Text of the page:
"Is this the end or is this just the beginning?" the Texas billionaire asked supporters in an exuberant concession statement. "We will stay together, and you will be a force for good for our country and our children."

Turnout was heavy across the nation, reversing a 30-year decline in voter participation. Early estimates were that 55 percent of those eligible to vote had cast ballots, up from 51 percent in 1988 and roughly equaling the turnout level of 1972.

Mr. Clinton won among virtually all major voter groups, including suburbanites, who were expected to cast the largest single bloc votes nationwide. He won a majority among the youngest voters, ages 18 to 24, and the oldest, those over age 60. He won among women, by a wide margin, and also finished first with men, largely because Mr. Perot took away much of Mr. Bush's previous male support, the exit polls indicated.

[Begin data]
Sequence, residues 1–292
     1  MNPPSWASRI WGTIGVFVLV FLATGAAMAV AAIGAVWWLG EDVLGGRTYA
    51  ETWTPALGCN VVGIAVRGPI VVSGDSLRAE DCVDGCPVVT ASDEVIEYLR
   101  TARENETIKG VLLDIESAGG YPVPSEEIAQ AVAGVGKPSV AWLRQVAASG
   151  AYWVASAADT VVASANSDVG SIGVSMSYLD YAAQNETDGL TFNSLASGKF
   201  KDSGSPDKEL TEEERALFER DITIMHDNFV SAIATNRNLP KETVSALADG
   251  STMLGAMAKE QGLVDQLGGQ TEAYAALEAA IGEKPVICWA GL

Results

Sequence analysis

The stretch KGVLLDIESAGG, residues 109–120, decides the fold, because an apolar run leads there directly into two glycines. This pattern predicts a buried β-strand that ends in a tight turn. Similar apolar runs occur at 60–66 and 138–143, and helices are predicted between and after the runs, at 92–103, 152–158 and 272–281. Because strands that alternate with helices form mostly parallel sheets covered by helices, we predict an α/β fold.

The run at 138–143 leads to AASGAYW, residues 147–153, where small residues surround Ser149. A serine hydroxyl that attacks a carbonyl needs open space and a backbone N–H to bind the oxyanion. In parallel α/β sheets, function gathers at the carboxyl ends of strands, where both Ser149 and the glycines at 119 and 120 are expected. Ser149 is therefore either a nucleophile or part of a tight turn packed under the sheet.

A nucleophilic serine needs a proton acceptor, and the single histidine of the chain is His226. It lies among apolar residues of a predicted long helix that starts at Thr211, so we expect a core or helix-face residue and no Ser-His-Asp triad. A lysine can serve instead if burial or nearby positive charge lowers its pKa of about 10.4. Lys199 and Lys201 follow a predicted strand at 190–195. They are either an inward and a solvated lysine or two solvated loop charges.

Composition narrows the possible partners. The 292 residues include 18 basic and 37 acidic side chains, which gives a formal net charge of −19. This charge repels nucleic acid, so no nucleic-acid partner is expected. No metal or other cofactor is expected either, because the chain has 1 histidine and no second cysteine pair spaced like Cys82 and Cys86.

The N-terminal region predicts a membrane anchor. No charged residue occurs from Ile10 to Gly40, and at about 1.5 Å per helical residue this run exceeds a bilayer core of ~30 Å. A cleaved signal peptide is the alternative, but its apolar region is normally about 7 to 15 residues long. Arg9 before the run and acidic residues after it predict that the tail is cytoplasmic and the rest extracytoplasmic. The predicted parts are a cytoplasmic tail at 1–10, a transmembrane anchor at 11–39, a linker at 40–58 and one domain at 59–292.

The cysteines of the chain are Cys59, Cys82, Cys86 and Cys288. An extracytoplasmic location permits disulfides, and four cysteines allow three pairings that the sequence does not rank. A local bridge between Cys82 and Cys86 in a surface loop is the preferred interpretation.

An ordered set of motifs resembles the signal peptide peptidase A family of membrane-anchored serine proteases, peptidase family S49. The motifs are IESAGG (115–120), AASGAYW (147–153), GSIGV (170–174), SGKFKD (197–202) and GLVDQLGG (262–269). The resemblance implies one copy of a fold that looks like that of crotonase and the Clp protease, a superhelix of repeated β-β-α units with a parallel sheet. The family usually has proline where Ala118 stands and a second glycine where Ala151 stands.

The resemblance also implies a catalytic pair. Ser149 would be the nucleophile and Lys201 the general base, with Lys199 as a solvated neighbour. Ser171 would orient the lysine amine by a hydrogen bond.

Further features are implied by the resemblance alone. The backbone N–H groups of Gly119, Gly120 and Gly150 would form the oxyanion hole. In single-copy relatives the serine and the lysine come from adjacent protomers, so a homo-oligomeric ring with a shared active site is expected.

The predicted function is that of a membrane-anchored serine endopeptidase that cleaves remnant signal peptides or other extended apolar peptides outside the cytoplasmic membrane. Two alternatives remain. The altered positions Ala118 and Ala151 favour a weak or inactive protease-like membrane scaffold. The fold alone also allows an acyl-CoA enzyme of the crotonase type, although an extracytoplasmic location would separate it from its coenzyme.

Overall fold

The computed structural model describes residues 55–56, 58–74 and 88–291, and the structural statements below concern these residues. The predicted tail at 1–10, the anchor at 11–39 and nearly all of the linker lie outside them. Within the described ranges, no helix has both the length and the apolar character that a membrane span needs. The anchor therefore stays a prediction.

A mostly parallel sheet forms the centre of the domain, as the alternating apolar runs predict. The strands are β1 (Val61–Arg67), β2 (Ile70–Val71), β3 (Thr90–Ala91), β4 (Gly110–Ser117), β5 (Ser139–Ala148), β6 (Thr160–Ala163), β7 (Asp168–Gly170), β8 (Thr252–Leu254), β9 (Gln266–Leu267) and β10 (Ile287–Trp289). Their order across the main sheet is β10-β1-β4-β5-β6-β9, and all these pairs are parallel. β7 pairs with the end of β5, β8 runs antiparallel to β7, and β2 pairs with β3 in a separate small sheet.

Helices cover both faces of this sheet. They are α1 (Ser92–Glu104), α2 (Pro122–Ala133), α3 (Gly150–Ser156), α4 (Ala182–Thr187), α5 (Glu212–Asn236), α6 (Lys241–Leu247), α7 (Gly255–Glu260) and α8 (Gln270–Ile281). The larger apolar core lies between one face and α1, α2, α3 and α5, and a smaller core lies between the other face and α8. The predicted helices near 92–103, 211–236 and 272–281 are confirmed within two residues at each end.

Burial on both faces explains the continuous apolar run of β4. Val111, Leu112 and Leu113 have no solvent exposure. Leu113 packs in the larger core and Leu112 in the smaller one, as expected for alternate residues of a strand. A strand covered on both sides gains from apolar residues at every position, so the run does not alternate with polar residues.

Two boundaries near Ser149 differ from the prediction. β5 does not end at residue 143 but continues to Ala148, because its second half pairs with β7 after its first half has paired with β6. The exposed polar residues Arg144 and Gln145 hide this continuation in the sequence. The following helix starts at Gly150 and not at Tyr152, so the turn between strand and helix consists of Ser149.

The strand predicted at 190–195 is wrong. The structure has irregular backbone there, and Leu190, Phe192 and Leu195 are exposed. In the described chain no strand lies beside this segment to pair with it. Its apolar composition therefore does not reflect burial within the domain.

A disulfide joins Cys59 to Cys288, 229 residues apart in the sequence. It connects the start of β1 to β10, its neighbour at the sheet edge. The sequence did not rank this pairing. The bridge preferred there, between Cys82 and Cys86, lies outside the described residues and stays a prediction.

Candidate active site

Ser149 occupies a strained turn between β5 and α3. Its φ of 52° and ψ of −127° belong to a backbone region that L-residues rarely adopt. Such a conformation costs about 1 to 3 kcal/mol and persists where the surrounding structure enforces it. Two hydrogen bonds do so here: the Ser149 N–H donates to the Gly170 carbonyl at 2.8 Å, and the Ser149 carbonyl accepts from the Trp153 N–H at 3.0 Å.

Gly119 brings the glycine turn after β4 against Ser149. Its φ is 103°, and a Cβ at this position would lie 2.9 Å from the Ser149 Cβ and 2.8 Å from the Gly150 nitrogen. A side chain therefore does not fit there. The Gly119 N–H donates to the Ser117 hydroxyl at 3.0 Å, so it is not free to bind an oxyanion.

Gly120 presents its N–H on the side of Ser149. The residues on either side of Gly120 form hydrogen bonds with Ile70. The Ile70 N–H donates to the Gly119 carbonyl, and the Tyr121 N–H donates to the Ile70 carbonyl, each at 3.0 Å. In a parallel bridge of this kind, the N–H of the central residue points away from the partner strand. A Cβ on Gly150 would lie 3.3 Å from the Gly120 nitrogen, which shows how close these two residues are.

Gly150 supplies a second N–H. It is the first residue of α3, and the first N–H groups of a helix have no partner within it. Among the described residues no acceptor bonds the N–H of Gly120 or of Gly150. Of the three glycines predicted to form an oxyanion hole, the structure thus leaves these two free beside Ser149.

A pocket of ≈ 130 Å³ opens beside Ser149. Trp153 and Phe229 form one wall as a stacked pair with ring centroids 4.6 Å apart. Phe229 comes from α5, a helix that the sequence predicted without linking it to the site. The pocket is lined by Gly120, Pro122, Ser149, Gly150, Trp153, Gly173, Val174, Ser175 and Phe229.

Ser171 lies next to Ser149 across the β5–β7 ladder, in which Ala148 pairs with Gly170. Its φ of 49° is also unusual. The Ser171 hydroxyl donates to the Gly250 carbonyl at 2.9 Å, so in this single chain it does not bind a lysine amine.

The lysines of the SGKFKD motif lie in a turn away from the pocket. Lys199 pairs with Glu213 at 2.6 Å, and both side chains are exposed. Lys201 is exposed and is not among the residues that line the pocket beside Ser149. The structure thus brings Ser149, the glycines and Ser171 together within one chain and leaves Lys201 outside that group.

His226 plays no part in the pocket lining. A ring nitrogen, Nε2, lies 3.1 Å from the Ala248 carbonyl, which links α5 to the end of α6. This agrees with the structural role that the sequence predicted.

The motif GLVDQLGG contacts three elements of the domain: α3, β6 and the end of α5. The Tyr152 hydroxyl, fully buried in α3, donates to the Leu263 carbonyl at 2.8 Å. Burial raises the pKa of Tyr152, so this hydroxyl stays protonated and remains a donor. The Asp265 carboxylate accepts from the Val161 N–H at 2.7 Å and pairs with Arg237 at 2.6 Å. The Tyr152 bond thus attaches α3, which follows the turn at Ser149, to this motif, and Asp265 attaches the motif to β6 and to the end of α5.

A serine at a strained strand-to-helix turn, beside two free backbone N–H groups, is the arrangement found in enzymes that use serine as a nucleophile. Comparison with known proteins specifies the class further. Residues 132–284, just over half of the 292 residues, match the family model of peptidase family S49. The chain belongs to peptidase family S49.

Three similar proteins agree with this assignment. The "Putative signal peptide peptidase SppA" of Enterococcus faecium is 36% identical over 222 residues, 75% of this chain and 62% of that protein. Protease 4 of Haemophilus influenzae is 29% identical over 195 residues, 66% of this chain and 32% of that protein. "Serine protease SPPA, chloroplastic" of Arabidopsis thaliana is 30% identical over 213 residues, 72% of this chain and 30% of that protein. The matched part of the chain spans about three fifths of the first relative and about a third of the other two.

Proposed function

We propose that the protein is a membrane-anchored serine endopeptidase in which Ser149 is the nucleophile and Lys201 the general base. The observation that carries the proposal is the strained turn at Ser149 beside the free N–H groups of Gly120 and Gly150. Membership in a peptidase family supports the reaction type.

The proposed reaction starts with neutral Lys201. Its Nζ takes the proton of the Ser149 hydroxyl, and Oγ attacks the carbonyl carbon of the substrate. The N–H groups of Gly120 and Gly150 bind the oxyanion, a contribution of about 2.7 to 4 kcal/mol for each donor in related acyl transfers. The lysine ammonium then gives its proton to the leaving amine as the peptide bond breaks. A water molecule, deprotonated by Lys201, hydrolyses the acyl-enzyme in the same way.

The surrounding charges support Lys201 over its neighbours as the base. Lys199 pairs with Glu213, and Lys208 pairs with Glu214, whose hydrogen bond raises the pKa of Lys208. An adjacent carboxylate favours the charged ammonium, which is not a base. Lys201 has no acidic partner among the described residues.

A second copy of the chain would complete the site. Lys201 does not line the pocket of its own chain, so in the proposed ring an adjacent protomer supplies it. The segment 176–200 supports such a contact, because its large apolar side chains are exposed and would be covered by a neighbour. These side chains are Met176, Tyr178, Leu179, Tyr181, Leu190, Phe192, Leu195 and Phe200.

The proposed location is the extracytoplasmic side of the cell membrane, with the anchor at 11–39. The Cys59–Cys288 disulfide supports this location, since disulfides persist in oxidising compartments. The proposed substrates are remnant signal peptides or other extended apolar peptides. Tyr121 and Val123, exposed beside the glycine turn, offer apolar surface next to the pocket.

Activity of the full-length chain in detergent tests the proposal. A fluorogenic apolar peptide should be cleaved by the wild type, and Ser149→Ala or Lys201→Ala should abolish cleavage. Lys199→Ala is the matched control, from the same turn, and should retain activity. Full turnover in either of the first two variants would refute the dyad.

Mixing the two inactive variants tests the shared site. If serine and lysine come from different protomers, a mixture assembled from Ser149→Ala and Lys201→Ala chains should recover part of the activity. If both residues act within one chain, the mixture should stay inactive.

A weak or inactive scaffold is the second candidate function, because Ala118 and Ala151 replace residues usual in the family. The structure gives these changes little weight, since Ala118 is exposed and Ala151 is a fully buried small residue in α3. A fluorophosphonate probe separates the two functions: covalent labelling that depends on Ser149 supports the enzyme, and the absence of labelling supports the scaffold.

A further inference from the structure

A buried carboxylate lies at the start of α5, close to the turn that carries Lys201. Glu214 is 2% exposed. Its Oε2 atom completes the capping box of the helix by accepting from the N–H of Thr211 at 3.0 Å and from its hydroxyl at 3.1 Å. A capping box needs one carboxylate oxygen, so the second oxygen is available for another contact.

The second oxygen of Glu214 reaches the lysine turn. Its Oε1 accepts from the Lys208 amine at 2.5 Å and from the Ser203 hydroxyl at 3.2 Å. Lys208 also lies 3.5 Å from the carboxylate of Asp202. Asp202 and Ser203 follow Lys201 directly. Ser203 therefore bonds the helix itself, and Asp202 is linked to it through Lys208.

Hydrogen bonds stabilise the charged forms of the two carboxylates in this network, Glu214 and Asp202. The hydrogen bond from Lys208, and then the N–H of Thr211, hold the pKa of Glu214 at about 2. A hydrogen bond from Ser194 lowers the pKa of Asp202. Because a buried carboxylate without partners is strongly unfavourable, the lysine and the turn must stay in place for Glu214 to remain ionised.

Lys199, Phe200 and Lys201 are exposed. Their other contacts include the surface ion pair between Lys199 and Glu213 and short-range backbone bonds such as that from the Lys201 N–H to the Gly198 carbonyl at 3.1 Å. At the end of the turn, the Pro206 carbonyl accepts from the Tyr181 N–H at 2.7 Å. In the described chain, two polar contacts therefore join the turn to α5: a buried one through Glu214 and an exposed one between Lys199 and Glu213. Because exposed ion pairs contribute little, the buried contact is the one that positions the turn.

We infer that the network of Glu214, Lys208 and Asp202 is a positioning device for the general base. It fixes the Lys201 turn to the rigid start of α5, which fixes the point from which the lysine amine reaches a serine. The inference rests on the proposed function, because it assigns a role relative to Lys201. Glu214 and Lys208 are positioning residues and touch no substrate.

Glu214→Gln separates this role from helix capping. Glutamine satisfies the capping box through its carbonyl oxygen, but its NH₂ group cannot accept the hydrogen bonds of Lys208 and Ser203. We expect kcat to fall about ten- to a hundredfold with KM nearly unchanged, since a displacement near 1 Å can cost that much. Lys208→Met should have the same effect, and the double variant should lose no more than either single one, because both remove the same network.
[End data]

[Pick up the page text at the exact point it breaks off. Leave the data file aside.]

He beat Mr. Bush among white voters, 42 percent to 39 percent, becoming the first Democrat in almost 30 years to carry the white vote. In 1988, by contrast, Mr. Bush defeated Democratic nominee Michael S. Dukakis by a 58-41 margin among whites.


Mr. Clinton also took almost two-thirds of the Hispanic vote and more than 90 percent of the black vote, according to exit polls.

Mr. Clinton took the Midwest battleground states of Illinois, Michigan, Ohio, and Missouri, as well as a number of major states that have been reliably Republican in recent presidential elections, including New Jersey, Georgia, Vermont, Maine and Connecticut. He ran strongly in the Northeast and on the West Coast, winning the biggest electoral-vote prize, California, which has only gone Democratic once since 1948.